The Passaic Valley Sewerage Commission has signaled that it intends to go above and beyond the minimum requirements set in its new state combined sewer overflow (CSO) permit.
PVSC, three weeks after the CSO permit went into effect, issued a request for proposals for a suite of services that, together, will result in a comprehensive Long Term Control Plan that shows significant forward thinking. The commission stated in its RFP that it “envisions (using) green infrastructure as a key element” of its long term plan, which is required to be complete in five years.
Additionally, the authority wants the experts who help design the plan to incorporate a suite of best practicescompiled by the Urban Water Solutions Initiative, a collaborative effort supported by New Jersey Future. Those practices include robust public engagement, water conservation, flooding and climate resiliency measures, regional approaches to solutions and innovative financing.
The Initiative promotes these approaches because they can help lower costs, while allowing cities to incorporate multiple benefits that enhance quality of life and support economic growth into what will be a massive public works investment.
A road map for infrastructure upgrades
On July 1, new state permits went into effect for the 25 municipalities, sewage treatment plants, and sewage authorities that manage systems with CSOs. In addition to the steps these entities already have taken to control overflows, they now must develop comprehensive Long-Term Control Plans. These plans will act as road maps for how communities and utilities will upgrade infrastructure in the coming years and decades.
If communities take on the planning effort individually, they will have three years to develop a complicated engineering model of their system, determine what options may work for specific areas, and formulate their plan. But communities that work together or with sewage authorities will have up to five years to complete this process.
PVSC is the largest authority with a permit, servicing eight CSO municipalities and collecting sewage from nearly 50 communities.
Allowing local flexibility in finding CSO solutions
Overflows occur when combined sewer systems – which carry both sewage and stormwater and were considered the highest technology when they were built in the late 1800s and early 1900s – are overwhelmed by the amount of rainwater or snowmelt flowing into the system. The outfalls act as a release to the system, allowing the excess sewage and stormwater mix to flow out and into waterways. Combined systems also can cause street flooding during heavy rainstorms and even can cause sewage to back up in basements.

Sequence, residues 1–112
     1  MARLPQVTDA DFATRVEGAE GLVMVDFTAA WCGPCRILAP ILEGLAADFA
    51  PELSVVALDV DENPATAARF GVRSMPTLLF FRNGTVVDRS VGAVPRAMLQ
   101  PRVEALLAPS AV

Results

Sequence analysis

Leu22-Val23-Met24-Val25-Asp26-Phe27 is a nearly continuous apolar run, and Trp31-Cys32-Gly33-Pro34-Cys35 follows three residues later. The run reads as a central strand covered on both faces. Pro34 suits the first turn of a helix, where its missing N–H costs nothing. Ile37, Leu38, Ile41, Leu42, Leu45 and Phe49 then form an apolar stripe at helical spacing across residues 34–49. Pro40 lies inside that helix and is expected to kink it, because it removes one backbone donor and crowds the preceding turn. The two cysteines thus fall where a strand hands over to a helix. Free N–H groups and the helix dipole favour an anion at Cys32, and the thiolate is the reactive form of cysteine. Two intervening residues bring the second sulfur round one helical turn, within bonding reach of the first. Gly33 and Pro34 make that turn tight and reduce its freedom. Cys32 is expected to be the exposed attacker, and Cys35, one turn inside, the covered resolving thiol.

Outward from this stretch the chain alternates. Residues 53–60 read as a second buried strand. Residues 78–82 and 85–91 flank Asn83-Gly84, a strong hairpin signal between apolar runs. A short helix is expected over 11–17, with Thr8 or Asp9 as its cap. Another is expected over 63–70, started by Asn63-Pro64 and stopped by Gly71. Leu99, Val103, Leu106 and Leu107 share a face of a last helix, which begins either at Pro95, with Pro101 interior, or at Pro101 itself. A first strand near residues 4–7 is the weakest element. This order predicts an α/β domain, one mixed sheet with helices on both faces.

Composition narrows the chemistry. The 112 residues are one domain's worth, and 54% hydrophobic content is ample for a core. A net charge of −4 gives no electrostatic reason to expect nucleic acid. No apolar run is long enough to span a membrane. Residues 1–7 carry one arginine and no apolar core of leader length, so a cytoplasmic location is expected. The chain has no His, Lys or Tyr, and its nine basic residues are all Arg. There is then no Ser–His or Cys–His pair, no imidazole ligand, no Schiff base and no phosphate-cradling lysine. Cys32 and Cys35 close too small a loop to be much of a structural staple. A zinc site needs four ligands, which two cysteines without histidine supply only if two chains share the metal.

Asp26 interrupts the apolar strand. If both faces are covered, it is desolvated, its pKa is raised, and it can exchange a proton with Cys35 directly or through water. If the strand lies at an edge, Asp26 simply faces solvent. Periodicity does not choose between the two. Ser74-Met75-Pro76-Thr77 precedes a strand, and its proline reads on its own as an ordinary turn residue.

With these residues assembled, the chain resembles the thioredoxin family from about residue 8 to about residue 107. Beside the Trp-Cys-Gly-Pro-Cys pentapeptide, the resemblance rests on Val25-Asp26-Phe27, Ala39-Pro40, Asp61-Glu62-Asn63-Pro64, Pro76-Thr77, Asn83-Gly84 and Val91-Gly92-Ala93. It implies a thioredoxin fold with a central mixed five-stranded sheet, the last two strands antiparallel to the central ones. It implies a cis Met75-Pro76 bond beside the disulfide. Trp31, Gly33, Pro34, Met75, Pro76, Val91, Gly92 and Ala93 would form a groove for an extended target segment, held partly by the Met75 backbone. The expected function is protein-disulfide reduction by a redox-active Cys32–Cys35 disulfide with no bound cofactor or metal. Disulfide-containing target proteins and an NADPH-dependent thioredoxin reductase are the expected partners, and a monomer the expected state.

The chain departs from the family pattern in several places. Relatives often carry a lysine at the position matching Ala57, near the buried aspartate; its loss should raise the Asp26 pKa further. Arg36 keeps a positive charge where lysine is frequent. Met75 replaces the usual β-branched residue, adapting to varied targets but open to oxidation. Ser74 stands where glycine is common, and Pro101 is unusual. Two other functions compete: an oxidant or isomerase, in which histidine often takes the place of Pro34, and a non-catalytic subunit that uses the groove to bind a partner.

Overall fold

While the sewer systems were built with these releases in mind, the permitted overflows are a major source of water pollution. The sewage affects the aquatic environment, forces beach and waterway closures, and can affect the health of anyone who comes into contact with the contaminated water.
While many cities and states around the country have been forced by the federal Environmental Protection Agency to stem the flow from their combined sewers, New Jersey and its cities have never been under such order. Rather than wait for enforcement action from the federal government, the state is using permits to spur a long-term planning process, which will result in CSO communities reducing or eliminating overflows.
New Jersey CSO communities have already taken substantial steps toward reducing or ending overflows. Nearly 65 overflows already have been permanently closed off, according to the Dept. of Environmental Protection. Other communities have spent millions of dollars to install grates and shields on overflow pipes and sewer openings to keep trash out of the system.
This “solids and floatables” control is an example of system optimization – allowing the existing system to work better because trash and other foreign objects no longer take up space that could be filled with water. This also has reduced the amount of trash getting dumped into waterways via CSO outfalls, thus reducing the amount of trash that washes up along shorelines.
Why this matters for cities
Developing and implementing a Long Term Control Plan is a huge job for communities, and meeting the deadlines is a source of stress for local officials.
In Perth Amboy, which has three outfalls, the city is trying to figure out how to upgrade its aging water system as well as manage a combined sewage system, said Greg Fehrenbach, the city’s former business administrator and now a consultant to the city.
While Perth Amboy agrees with the goal of the new permits, meeting the new requirements and paying for the combined sewer overflow fixes, Fehrenbach said, will be a substantial challenge.
“The costs of operations and capital improvements are quite high for a rather poor customer base,” Fehrenbach said. “Rates for water and sewer are among the highest in the region. This added challenge exacerbates an already difficult problem.”
Perth Amboy’s contract engineer will be able to incorporate much of the work needed into its current contract, but the city will be collaborating with the Passaic Valley Sewerage Commission to reduce planning costs further, Fehrenbach said.
New Jersey may be late to the table in requiring communities to develop and implement complex and expensive plans for reducing and eliminating overflows. However, the state stands out as the first to allow its CSO communities the option to do things on their own terms without the federal government dictating solutions, according to Dan Van Abs, an associate research professor at Rutgers University. This means New Jersey communities can use this as an opportunity to transform neighborhoods by using CSO solutions that have multiple benefits.
But while that flexibility is on the table right now, communities that don’t meet the deadlines in their permits could end up with the federal government making the decisions.